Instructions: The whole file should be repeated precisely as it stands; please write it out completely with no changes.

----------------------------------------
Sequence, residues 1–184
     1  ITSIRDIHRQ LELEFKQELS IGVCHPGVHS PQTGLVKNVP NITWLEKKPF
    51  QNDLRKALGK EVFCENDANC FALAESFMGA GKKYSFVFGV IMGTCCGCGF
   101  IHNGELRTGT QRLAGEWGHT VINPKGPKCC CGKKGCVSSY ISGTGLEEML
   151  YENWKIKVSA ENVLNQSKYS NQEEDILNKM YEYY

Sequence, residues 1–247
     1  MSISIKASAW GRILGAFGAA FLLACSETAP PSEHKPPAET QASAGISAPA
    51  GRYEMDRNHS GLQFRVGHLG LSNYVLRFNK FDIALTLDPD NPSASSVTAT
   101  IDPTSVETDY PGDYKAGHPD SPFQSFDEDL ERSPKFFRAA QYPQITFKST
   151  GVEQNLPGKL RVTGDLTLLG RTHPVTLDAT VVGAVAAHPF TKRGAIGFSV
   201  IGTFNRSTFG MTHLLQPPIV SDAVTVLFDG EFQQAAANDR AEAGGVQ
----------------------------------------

Sequence, residues 1–184
     1  ITSIRDIHRQ LELEFKQELS IGVCHPGVHS PQTGLVKNVP NITWLEKKPF
    51  QNDLRKALGK EVFCENDANC FALAESFMGA GKKYSFVFGV IMGTCCGCGF
   101  IHNGELRTGT QRLAGEWGHT VINPKGPKCC CGKKGCVSSY ISGTGLEEML
   151  YENWKIKVSA ENVLNQSKYS NQEEDILNKM YEYY

Sequence, residues 1–247
     1  MSISIKASAW GRILGAFGAA FLLACSETAP PSEHKPPAET QASAGISAPA
    51  GRYEMDRNHS GLQFRVGHLG LSNYVLRFNK FDIALTLDPD NPSASSVTAT
   101  IDPTSVETDY PGDYKAGHPD SPFQSFDEDL ERSPKFFRAA QYPQITFKST
   151  GVEQNLPGKL RVTGDLTLLG RTHPVTLDAT VVGAVAAHPF TKRGAIGFSV
   201  IGTFNRSTFG MTHLLQPPIV SDAVTVLFDG EFQQAAANDR AEAGGVQ